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Interior Secretary Salazar Sends $15.2 Million to USGS Volcano Observatories to Improve Monitoring


More than $15 million will help the U.S.G.S.'s five volcano observatories keep better tabs on volcanoes in the United States. USGS map.

The five U.S. Geological Survey Volcano Observatories are receiving $15.2 million to help upgrade their monitoring of volcanics across the West, in Alaska, and in Hawaii, including within Yellowstone, Mount Rainier, Hawaii Volcanoes, and Lake Clark national parks.

The funding for the National Volcano Early Warning System, announced Friday by Interior Secretary Ken Salazar, comes from the $3 billion the Interior Department received as part of the American Recovery and Reinvestment Act of 2009.

If you recall the attention generated by a series of earthquake swarms that shook Yellowstone right around the first of the year, or took note of the recent spate of eruptions of the Mount Redoubt Volcano in Lake Clark, you can appreciate the need to provide the observatories with the best monitoring equipment possible.

Noting that he is visiting Alaska next week, Salazar emphasized the critical nature of USGS’ work in emergencies. “Their monitoring of Redoubt, which has erupted several times, alerted people in the pathway of the volcano to take precautions ahead of time. Protecting public safety is invaluable.”

The five USGS Volcano Observatories have been allotted $15.2 million to modernize monitoring networks and warning systems. Many of the dangerous volcanoes in the United States may not be monitored well enough for scientists to warn the public of explosive eruptions, alert aircraft of ash clouds or warn communities of ash falls and lava and mud flows. The importance of these observatories was evident during the recent Mar. 22 eruption of Mount Redoubt Volcano, 106 miles southwest of Anchorage. The Alaska Volcano Observatory started issuing warnings of an impending eruption starting Jan. 23 after recording increased seismic activity at the volcano, giving communities and businesses time to prepare. The observatory’s top priority is to prevent repetition of the incident that occurred during Redoubt’s eruption 19 years ago, when a Boeing 747 passenger aircraft strayed into an ash cloud and nearly crashed. Stimulus funds will improve AVO’s preparedness and vigilance, both at Redoubt and at other similar volcanoes in Alaska.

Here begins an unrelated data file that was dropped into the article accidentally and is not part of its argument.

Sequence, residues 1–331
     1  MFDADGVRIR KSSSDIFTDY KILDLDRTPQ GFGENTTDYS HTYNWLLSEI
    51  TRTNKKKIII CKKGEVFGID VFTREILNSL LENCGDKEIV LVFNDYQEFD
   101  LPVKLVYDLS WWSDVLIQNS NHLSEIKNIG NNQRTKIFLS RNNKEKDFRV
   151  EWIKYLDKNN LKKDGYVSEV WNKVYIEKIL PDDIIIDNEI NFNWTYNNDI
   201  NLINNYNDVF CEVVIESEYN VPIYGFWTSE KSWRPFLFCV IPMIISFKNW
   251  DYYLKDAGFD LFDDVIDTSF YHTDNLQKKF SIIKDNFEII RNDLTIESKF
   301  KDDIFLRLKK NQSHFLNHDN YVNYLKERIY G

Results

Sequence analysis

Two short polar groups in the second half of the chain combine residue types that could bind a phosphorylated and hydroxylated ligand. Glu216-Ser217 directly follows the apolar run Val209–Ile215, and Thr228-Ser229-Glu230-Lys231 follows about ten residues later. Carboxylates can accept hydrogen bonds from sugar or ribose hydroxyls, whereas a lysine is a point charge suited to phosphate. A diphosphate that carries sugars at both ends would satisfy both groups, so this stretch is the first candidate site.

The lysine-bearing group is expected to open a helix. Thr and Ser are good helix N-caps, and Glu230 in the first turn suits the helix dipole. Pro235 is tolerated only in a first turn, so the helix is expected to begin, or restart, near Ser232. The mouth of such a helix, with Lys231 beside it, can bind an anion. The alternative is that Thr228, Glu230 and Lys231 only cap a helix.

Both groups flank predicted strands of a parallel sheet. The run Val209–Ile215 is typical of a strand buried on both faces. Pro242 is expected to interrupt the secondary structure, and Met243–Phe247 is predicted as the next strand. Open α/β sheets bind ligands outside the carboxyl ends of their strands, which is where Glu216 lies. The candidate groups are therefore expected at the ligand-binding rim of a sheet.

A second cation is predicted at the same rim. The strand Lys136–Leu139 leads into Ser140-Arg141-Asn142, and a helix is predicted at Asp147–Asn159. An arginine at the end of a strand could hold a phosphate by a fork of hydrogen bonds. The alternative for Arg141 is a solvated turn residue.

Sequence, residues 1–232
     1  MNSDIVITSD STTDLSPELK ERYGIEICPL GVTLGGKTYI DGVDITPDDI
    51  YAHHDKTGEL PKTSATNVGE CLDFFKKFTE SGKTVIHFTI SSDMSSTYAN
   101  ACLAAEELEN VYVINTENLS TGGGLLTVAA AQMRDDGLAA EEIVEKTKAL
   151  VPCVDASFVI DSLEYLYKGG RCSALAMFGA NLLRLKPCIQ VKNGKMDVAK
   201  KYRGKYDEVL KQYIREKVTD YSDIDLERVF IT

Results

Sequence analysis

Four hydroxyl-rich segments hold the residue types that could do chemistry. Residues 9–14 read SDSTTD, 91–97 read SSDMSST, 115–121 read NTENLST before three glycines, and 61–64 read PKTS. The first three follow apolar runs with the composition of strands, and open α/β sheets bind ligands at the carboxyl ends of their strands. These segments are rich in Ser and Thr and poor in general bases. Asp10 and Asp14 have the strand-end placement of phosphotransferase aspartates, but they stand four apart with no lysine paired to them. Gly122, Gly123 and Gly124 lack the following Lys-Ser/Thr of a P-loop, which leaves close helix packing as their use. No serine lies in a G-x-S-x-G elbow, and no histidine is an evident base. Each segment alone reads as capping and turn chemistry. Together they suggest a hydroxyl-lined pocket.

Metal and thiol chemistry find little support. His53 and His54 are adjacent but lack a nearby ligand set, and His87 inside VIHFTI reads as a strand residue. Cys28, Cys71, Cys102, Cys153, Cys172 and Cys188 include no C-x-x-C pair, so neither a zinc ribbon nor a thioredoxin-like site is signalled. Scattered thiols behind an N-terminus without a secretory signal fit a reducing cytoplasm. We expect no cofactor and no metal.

The five observatories keep tabs on Alaskan volcanoes, those in Hawaii, those in the Cascades, the Yellowstone caldera, and California's Long Valley Caldera.


Don't forget Mount St. Helens, just because it is administrated by the forest service. On October 2 2004 the USGS issued a full blown level three alert about an imminent major eruption.

  • Fortunately the pressure was reduced by steam and ash venting and the uprising magma did not erupt but spilled slowly in form of dacite in a new lava dome.


  • The link to the USGS Cascades observatory in the story has a lot of information about Mount St. Helens. Although their services aren't specifically tied to NPS areas, a number of the volcanoes the observatories monitor happen to be located in parks.

    The USGS volcano observatories seem to provide a very useful function, and I trust the added funds will be used efficiently.

    We got people out of work all around this country, and we waste 15.2 MIL on this crap?

    I'm not quite sure I understand your point, Nick. Are you implying that volcanoes in the U.S. don't really threaten to injure or kill tens of thousands of Americans -- that it's some sort of hoax? Are you implying that it's not the Federal government's business to warn people of impending danger to property and human lives?

    Volcano plumes also can bring airplanes down. It's essential for the safety of air traffic that we have up-to-date information on ash from volcanoes. I live about 50 miles from Mt. St. Helens, though I'm not in the path of any possible lahars.

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